Whether you are preparing for a divorce or you need to establish custody for a child born out of wedlock, you will need to develop a custody arrangement that reflects the best interests of your child. This isn’t just a moral standard – it is also a legal one. Under Section 602.7 of the Illinois Marriage and Dissolution of Marriage Act, the Illinois courts are required to “allocate parenting time according to the child’s best interests.”
Illinois’s “Best Interests” Factors for Allocating Parenting Time Between Parents
Similar to most other states, Illinois has adopted a list of statutory “best interests” factors for allocating child custody (also known as “parenting time”). Section 602.7 lists 16 specific factors that all must be considered to the extent that they are apply (not all factors will apply to all parents), and it also requires consideration of, “any other factor that the court expressly finds to be relevant.” While Section 602.7 speaks directly to the courts, since amicable custody agreements are subject to court approval, divorcing and separating parents must adhere to the statutory “best interests” factors as well.
Here are the enumerated “best interests” factors for allocating parenting time between parents during a divorce or separation in Illinois:
- Each parent’s wishes regarding parenting time;
- The child’s wishes, taking into account his or her maturity and ability to express reasoned and independent preferences as to parenting time;
- The amount of time each parent spent performing caretaking functions in the preceding two years; or, if the child is under two years of age, since the child’s birth;
- Any prior agreement or course of conduct between the parents relating to caretaking functions;
- The child interactions and relationship with his or her parents, siblings, and any other individuals who may significantly affect the child’s best interests;
- The child’s adjustment to his or her home, school, and community;
- The mental and physical health of all individuals involved;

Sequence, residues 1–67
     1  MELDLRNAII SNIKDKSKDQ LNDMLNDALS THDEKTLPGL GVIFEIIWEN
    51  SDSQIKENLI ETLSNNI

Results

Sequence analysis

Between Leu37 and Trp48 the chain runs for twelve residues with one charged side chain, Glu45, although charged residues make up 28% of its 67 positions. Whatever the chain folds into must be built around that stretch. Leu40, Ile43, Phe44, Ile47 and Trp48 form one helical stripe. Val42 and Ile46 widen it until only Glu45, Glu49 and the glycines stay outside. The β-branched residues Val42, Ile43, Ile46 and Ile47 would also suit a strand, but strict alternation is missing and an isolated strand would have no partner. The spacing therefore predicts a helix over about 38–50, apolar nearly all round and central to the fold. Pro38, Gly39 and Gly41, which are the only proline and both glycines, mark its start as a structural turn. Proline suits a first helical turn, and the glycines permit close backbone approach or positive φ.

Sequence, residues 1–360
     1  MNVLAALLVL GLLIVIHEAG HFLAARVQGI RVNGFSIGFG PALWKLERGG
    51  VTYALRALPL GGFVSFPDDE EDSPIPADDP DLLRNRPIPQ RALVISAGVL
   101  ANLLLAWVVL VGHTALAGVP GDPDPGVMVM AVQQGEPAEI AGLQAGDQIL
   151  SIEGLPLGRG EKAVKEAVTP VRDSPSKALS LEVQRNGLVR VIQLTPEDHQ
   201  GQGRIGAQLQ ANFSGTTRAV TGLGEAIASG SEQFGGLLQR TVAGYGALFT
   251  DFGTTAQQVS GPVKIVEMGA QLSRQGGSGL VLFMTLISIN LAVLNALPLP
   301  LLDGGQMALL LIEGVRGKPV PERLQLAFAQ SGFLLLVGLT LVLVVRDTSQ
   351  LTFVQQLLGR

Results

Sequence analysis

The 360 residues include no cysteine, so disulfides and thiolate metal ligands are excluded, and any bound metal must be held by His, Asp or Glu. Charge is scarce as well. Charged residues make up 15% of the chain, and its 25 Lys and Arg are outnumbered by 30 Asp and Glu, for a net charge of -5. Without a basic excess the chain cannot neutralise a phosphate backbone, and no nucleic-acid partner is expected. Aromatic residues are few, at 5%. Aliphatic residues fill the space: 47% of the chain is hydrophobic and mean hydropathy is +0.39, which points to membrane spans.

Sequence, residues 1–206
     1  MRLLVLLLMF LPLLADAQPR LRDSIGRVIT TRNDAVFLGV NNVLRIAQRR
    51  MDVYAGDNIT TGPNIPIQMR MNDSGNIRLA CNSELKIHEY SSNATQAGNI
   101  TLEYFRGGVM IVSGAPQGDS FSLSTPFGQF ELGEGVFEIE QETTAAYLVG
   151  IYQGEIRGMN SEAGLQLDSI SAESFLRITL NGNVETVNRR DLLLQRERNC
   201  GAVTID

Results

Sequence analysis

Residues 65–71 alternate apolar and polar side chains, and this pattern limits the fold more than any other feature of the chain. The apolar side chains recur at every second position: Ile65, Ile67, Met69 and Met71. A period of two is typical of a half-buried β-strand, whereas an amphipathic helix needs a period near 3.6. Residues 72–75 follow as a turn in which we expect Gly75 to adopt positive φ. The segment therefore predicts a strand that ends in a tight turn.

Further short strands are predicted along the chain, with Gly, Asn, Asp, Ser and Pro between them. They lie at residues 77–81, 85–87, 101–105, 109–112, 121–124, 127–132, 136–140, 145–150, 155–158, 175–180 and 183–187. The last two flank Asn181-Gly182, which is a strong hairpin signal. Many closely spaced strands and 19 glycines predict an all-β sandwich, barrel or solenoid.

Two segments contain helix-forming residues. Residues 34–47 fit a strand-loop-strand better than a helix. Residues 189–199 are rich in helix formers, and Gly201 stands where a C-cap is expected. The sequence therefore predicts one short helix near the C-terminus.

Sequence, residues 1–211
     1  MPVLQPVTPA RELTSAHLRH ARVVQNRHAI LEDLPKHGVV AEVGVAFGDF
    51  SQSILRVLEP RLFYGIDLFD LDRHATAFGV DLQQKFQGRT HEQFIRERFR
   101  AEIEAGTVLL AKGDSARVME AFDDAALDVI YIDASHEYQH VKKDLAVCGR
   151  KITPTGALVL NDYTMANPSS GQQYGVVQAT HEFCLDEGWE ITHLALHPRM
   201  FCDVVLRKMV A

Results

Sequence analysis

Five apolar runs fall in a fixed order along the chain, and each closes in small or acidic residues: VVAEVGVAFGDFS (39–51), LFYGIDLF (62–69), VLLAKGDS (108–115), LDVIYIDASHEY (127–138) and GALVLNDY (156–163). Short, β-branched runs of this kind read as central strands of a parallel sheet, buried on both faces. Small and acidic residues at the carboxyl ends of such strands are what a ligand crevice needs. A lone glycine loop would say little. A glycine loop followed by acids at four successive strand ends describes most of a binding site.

- The child’s needs;
- The distance between the parents’ residences following their divorce or separation, the cost and difficulty of transportation, everyone’s daily schedules, and the parents’ ability to cooperate in their parenting arrangement;
- Whether any restrictions on parenting time are appropriate;
- Any physical violence or threat of physical violence by either parent directed against the child or any member of the child’s household;
- Each parent’s willingness and ability to place the child’s needs ahead of his or her own;
- Each parent’s willingness and ability to facilitate and encourage a close and continuing relationship between the child and his or her other parent;
- Any incidents of abuse f the child or any other member of the child’s household;
- Whether either parent is a convicted sex offender or lives with a convicted sex offender; and,
- The terms of any military family-care plan that must be completed before deployment if either parent is a member of the United States Armed Forces who is preparing to be deployed.
Weighing the “Best Interests” Factors and Making Long-Term Decisions Regarding Parenting Time
As you can see, some of these factors may not necessarily be relevant to your divorce or separation. In addition, certain factors may carry more weight than others depending on your particular family circumstances. Whatever the facts may be, the key is to arrive at a parenting plan that is designed to serve your child’s best interests for years to come.